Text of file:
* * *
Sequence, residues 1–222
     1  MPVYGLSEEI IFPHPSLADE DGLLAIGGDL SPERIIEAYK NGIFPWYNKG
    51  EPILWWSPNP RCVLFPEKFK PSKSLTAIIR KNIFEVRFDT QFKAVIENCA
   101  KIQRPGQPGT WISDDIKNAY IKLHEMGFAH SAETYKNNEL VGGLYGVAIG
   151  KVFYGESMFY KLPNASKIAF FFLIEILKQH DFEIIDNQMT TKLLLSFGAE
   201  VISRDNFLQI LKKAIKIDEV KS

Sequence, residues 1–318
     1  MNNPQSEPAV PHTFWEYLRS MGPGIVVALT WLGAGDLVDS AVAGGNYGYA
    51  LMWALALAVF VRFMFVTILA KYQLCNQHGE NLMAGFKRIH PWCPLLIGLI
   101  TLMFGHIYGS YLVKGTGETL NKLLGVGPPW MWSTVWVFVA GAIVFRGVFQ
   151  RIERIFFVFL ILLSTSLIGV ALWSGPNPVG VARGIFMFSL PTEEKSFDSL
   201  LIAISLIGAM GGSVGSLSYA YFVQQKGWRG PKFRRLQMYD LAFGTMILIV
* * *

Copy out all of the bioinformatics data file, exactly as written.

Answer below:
Sequence, residues 1–222
     1  MPVYGLSEEI IFPHPSLADE DGLLAIGGDL SPERIIEAYK NGIFPWYNKG
    51  EPILWWSPNP RCVLFPEKFK PSKSLTAIIR KNIFEVRFDT QFKAVIENCA
   101  KIQRPGQPGT WISDDIKNAY IKLHEMGFAH SAETYKNNEL VGGLYGVAIG
   151  KVFYGESMFY KLPNASKIAF FFLIEILKQH DFEIIDNQMT TKLLLSFGAE
   201  VISRDNFLQI LKKAIKIDEV KS

Sequence, residues 1–318
     1  MNNPQSEPAV PHTFWEYLRS MGPGIVVALT WLGAGDLVDS AVAGGNYGYA
    51  LMWALALAVF VRFMFVTILA KYQLCNQHGE NLMAGFKRIH PWCPLLIGLI
   101  TLMFGHIYGS YLVKGTGETL NKLLGVGPPW MWSTVWVFVA GAIVFRGVFQ
   151  RIERIFFVFL ILLSTSLIGV ALWSGPNPVG VARGIFMFSL PTEEKSFDSL
   201  LIAISLIGAM GGSVGSLSYA YFVQQKGWRG PKFRRLQMYD LAFGTMILIV